The Eutaw Riot of 1870

0 Posted by - June 22, 2018 - Black History, BLACK POLITICS, History, LATEST POSTS, RECONSTRUCTION

Eutaw, Alabama was the site of anti-Black aggression during Reconstruction. With the 1870 election on the horizon, white southern Democrats were in fear of what Black Republicans voting could mean for power in the region. Things would escalate into the Eutaw Riot that October.

 
Leading Up to the 1870 Election
In the lead up to the gubernatorial election, the Klan was in the midst of a terror campaign throughout Calhoun and Greene County. Lynching and kidnapping during the spring and summer, the group sought to keep Black Republicans away from the ballot in the fall.

One event gave the Klan more power to escalate its violence unchecked: the deaths of James Martin and Alexander Boyd that spring. Martin was a Black Republican visiting Eutaw from Union. Boyd is a white Republican serving as County Solicitor. Both were killed on March 31 by a group of 30 masked night riders who rode into the town.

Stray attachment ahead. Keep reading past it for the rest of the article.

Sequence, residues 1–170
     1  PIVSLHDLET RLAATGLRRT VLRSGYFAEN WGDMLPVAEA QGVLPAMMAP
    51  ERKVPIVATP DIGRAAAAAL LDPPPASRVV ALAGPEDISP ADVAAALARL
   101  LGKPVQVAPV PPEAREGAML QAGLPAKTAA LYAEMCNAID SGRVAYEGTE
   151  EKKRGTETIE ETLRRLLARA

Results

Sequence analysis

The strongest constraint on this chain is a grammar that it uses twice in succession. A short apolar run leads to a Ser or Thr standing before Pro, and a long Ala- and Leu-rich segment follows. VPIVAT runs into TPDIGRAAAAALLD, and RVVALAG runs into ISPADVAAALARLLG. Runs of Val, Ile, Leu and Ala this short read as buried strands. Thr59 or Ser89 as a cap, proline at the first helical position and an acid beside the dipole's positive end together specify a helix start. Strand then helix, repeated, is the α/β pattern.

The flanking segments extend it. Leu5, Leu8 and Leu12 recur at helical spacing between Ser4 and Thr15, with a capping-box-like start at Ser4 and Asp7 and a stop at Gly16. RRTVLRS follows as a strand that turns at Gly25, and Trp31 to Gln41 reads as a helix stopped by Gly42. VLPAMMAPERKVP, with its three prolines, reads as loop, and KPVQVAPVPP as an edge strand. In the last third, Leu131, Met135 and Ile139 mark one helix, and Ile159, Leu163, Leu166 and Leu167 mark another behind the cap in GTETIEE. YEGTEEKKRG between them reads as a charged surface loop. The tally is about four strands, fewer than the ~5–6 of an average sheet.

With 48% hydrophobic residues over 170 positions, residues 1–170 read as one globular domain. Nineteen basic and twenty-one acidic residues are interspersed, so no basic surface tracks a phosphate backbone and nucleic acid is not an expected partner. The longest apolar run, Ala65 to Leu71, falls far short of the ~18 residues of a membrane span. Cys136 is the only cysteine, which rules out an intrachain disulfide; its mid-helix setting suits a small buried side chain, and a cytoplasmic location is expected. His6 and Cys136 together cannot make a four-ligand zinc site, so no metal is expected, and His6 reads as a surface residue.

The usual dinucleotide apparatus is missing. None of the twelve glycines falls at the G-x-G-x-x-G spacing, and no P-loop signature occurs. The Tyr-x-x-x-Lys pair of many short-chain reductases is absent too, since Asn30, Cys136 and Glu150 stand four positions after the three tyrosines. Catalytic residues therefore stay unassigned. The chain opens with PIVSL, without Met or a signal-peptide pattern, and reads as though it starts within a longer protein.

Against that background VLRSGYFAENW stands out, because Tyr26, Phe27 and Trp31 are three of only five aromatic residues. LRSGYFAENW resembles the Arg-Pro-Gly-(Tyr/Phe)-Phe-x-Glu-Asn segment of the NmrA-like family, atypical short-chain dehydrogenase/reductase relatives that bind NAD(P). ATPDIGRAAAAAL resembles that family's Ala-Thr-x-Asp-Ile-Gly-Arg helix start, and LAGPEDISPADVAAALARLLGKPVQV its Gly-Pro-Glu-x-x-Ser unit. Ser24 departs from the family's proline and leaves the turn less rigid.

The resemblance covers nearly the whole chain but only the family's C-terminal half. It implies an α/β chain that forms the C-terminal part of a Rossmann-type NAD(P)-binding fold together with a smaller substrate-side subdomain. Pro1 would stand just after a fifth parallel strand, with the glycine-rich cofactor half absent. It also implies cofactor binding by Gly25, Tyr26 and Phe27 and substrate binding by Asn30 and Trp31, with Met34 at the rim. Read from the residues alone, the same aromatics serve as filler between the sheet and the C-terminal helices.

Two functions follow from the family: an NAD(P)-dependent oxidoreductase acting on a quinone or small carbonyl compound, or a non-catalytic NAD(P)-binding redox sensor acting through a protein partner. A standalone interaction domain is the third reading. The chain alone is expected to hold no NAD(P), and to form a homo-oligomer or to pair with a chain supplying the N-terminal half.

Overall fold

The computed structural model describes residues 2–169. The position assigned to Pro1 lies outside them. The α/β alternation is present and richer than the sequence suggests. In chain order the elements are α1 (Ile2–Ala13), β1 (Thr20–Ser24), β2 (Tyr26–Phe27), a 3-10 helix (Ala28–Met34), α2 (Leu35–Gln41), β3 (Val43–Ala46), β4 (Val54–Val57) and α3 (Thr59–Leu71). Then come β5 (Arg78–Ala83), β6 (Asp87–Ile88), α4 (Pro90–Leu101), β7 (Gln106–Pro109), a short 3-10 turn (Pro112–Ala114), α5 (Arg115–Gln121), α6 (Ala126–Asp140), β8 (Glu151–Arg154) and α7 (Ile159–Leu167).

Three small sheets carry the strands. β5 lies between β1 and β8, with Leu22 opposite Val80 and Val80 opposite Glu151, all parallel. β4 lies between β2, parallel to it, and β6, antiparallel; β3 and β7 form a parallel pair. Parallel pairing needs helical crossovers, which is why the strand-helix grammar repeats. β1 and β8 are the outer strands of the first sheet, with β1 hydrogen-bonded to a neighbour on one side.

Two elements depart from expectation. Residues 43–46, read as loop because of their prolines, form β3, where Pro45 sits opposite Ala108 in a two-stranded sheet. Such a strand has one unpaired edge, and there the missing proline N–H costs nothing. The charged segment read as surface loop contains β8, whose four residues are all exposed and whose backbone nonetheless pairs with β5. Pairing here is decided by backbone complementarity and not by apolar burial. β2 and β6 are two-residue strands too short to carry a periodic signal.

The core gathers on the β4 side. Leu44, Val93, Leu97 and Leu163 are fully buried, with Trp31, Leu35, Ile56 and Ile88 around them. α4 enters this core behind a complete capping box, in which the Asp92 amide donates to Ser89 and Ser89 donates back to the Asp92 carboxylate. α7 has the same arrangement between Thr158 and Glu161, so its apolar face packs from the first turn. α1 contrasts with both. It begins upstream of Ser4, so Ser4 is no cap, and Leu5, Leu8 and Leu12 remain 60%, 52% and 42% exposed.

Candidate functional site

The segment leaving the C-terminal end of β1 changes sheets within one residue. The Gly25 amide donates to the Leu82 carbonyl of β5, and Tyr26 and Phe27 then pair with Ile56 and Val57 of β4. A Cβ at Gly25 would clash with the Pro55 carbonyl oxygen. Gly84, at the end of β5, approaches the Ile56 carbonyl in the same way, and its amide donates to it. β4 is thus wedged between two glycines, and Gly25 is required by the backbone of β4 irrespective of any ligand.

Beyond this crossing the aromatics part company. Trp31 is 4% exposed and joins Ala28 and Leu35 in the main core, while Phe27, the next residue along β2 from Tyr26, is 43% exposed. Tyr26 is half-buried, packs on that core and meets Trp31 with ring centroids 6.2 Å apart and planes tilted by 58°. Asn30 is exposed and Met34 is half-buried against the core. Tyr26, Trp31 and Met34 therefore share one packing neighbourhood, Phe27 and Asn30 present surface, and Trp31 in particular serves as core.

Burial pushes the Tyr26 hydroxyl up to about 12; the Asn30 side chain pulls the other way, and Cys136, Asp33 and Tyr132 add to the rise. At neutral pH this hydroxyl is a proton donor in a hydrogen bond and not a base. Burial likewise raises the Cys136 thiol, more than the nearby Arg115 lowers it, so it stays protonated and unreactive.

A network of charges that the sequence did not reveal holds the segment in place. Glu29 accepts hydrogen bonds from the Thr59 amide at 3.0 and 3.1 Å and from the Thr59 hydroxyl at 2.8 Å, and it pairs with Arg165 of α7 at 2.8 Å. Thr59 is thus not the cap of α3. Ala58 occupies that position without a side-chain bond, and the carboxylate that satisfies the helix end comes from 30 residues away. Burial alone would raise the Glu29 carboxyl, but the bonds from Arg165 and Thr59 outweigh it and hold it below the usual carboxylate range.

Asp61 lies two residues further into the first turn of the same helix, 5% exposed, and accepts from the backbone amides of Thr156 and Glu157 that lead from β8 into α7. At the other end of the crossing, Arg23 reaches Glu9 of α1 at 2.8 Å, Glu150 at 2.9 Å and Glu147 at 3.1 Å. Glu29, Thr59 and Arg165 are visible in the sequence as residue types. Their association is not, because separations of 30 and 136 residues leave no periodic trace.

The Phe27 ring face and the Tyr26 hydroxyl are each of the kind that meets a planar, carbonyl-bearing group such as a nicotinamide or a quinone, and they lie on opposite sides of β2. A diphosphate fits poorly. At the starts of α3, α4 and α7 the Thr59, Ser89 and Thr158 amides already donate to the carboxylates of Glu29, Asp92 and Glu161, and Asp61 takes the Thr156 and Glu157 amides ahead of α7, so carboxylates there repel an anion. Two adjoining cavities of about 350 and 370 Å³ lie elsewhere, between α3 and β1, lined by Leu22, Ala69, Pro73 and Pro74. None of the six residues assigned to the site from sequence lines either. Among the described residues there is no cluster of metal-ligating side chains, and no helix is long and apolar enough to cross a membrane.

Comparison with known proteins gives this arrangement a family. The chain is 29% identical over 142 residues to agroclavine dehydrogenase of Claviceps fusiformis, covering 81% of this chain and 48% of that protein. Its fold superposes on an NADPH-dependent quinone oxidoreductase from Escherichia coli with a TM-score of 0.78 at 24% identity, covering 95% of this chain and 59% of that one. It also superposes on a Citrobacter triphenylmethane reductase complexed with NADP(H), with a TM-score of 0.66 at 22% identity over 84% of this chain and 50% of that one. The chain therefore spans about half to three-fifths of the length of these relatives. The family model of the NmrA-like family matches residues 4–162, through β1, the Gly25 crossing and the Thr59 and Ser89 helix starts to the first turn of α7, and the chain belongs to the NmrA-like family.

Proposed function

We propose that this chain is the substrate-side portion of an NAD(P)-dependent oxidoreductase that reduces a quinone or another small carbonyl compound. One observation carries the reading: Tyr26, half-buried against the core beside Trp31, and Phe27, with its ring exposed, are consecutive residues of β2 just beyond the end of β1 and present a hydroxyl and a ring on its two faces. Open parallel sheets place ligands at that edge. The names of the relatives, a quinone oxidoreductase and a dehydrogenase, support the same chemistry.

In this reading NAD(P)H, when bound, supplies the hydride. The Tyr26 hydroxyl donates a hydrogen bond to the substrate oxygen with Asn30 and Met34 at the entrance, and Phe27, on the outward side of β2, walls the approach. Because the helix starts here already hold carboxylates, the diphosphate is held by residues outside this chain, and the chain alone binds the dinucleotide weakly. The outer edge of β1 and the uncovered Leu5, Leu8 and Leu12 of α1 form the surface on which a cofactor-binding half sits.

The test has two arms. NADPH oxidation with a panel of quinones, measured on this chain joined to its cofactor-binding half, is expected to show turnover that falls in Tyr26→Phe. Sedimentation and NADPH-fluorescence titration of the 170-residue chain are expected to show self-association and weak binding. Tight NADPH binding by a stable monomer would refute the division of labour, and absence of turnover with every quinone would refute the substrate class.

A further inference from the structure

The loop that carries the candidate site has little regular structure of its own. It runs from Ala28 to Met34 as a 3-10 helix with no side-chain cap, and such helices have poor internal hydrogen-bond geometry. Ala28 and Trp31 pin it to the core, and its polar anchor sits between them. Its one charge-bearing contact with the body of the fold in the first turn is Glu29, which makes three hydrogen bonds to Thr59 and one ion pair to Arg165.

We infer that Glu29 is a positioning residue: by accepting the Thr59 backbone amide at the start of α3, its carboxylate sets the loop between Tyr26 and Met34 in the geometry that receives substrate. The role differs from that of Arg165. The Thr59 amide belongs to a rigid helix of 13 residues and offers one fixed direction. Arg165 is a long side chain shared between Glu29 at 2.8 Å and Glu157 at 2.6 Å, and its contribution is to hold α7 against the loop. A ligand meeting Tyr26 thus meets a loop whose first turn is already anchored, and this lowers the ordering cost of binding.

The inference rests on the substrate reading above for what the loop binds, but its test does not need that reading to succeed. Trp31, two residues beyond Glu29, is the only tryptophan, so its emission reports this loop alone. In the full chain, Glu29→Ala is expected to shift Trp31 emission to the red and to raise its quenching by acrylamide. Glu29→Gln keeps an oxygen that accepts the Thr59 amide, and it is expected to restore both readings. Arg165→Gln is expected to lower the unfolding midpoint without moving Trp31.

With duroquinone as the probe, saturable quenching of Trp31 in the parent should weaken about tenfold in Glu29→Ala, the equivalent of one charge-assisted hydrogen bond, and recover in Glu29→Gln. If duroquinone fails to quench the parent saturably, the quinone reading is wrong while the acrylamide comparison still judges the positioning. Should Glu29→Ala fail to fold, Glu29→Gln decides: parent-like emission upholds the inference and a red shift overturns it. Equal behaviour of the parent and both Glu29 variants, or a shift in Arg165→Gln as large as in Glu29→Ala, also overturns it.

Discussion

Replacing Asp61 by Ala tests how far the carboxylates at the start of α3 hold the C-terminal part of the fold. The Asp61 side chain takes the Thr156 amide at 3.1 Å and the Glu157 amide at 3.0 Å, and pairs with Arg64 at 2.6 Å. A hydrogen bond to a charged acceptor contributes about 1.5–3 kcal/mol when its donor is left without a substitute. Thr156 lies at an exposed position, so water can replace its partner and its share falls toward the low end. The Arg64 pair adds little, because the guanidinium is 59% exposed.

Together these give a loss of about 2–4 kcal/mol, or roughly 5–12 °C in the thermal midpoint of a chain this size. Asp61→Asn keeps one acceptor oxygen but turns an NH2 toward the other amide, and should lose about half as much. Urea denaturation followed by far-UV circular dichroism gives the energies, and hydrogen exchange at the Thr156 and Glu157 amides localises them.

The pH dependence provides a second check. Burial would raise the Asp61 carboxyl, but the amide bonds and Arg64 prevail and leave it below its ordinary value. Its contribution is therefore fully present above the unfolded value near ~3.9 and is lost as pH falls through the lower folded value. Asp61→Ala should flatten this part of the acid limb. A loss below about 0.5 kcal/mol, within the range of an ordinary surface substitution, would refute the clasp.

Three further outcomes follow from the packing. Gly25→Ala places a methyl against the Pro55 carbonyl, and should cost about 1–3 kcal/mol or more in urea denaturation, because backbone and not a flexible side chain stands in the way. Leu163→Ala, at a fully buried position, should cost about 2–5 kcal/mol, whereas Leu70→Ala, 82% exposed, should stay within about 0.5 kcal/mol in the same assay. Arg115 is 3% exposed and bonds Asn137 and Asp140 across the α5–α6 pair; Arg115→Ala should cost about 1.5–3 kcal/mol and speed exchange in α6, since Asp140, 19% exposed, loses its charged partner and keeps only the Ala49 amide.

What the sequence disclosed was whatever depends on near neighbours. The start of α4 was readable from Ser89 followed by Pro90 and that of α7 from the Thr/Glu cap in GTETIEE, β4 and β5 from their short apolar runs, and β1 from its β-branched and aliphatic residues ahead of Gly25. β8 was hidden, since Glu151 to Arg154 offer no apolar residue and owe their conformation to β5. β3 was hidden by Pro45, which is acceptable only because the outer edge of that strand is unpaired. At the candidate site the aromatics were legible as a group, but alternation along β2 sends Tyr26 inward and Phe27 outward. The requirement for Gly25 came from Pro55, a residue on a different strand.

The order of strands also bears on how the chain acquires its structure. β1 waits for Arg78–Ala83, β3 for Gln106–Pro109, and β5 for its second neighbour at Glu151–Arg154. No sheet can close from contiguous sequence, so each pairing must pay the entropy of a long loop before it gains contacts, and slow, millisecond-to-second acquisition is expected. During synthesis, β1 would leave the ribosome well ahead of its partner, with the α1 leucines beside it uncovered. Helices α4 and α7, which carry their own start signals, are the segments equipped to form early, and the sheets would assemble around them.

Alabama gave up on attempting to prosecute the Klan as well as trying to curb violence in Greene County. This would embolden the night riders to continue their campaign unchecked.

 
The Eutaw Riot and Aftermath
On October 25, the Republicans held a rally in Eutaw drawing 2,000 Blacks ready to vote in the 1870 election. The rally would also draw the Klan who harassed the Republicans before opening fire on the rally. Four Black people are killed and fifty-four injured.

The campaign worked and Black Republicans mostly stayed home. Those who did go on Election Day voted Democrat. As a result, the Democrats swept the election and the governor’s seat from Republican power.

Reference
-http://www.encyclopediaofalabama.org/article/h-2501

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